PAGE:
California insurance coverage commissioner sponsors warmth wave rating laws


“Just as we have air quality warnings, tropical hurricane categories and forest fire warnings, California needs a way to warn our residents of extreme heat waves that will only get more deadly in years to come,” Lara said in a statement. “There is no insurance against heat. If we act now to put in a ranking system like other disasters, we can help prevent the death of this silent killer, especially among the most vulnerable people like our seniors. “

The idea of ​​heatwave classification was first suggested in a climate insurance report published by Commissioner Lara and the California Climate Insurance Working Group in July 2021. This report examined how low-income communities, seniors and the underinsured can be protected from the effects of climate change.

Lara also announced in an official statement that the CDI will conduct another study to identify the extreme protection gap in thermal insurance in health care and other areas for affected communities in Southern California.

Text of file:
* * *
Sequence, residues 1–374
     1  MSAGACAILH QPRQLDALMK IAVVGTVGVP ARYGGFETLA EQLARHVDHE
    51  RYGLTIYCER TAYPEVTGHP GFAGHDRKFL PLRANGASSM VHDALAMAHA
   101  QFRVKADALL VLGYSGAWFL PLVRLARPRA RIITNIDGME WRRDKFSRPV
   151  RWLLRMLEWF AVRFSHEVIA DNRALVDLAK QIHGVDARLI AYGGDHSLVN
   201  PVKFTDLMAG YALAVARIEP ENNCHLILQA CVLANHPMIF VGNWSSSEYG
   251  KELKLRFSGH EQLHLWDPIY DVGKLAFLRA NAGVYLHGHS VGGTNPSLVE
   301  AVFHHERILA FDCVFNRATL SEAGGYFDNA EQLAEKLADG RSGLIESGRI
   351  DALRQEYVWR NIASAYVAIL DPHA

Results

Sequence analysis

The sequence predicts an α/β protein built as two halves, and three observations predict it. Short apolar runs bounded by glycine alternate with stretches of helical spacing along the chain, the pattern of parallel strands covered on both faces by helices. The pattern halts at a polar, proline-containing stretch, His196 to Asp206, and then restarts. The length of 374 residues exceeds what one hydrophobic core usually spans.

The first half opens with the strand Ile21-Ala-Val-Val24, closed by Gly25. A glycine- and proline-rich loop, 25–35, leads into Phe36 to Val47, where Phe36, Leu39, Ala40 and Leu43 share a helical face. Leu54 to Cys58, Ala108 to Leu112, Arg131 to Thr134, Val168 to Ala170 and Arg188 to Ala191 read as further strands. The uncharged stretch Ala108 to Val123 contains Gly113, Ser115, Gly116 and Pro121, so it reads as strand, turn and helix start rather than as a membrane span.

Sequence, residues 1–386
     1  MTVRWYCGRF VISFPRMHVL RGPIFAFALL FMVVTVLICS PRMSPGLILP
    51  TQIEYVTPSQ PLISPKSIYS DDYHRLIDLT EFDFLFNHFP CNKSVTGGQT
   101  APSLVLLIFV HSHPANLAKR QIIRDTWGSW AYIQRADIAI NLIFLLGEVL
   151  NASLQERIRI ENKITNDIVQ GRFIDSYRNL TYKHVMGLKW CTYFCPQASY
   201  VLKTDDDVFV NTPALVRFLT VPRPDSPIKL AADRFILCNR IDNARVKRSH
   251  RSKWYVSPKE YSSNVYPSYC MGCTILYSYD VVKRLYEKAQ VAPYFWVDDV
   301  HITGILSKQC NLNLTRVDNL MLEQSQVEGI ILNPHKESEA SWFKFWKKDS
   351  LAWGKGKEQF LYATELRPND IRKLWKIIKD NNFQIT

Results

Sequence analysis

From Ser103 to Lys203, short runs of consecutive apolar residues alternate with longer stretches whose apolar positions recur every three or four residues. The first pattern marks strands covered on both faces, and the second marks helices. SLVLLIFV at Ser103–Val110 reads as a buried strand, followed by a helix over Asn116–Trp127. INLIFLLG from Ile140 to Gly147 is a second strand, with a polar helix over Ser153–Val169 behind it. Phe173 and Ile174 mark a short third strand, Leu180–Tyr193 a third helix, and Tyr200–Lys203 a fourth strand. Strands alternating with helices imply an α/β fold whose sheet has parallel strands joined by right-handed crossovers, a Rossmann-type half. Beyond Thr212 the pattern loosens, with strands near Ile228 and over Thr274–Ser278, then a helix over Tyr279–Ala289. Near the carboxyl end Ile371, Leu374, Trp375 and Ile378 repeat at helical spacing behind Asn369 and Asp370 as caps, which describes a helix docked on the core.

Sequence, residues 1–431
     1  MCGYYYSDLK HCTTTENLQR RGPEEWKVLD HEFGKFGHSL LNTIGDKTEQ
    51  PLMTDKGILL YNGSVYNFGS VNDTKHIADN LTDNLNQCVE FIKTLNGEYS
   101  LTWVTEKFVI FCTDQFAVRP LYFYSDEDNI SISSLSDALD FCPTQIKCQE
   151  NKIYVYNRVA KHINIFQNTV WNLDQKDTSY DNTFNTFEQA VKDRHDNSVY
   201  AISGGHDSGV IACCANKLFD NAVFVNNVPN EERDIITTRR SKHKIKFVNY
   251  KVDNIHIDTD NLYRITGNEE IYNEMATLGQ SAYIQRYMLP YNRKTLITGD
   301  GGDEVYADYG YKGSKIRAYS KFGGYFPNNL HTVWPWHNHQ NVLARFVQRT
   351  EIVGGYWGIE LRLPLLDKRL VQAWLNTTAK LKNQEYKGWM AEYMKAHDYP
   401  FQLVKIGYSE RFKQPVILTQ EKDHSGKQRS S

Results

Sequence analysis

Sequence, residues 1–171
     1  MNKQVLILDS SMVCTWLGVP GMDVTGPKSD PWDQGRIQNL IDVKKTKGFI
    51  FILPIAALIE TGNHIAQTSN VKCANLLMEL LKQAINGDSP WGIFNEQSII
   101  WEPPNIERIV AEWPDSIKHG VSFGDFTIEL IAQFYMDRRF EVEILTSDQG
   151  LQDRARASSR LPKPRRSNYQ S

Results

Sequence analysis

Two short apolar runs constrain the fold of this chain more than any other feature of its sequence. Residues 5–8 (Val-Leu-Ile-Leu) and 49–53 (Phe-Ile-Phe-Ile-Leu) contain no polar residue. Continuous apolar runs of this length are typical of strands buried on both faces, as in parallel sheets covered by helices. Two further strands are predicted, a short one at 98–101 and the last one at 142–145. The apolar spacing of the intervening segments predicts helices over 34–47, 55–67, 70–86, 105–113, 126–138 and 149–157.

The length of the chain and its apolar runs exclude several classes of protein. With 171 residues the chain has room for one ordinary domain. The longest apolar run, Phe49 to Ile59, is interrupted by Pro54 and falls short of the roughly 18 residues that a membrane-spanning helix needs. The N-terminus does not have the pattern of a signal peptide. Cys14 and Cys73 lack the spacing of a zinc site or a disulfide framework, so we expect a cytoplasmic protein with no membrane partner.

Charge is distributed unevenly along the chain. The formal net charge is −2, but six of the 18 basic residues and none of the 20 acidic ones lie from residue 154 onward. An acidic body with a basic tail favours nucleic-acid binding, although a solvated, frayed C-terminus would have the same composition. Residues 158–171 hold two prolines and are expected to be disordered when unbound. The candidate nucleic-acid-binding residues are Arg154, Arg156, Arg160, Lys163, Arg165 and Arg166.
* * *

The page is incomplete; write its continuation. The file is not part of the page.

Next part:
The proposed bill will be formally enacted when the California State Legislature convenes in January 2022.

In a press release, CDI cited the latest data from the state’s Climate Assessment projects, which found that California heat waves will become more intense, longer and more frequent in the coming years. From 1980 to 2000, Los Angeles had an average of six extremely hot days a year. But by 2050, data suggests that the span of annual extreme hot days could reach 22 days. Hospital visits related to heat stroke have also increased recently, as emergency rooms rose 10 times normal in 2020 during Los Angeles County’s 121-degree heat. This year’s California heat wave also broke records: Sacramento recorded 109 degrees and Coachella Valley recorded 123 degrees – the hottest year ever.

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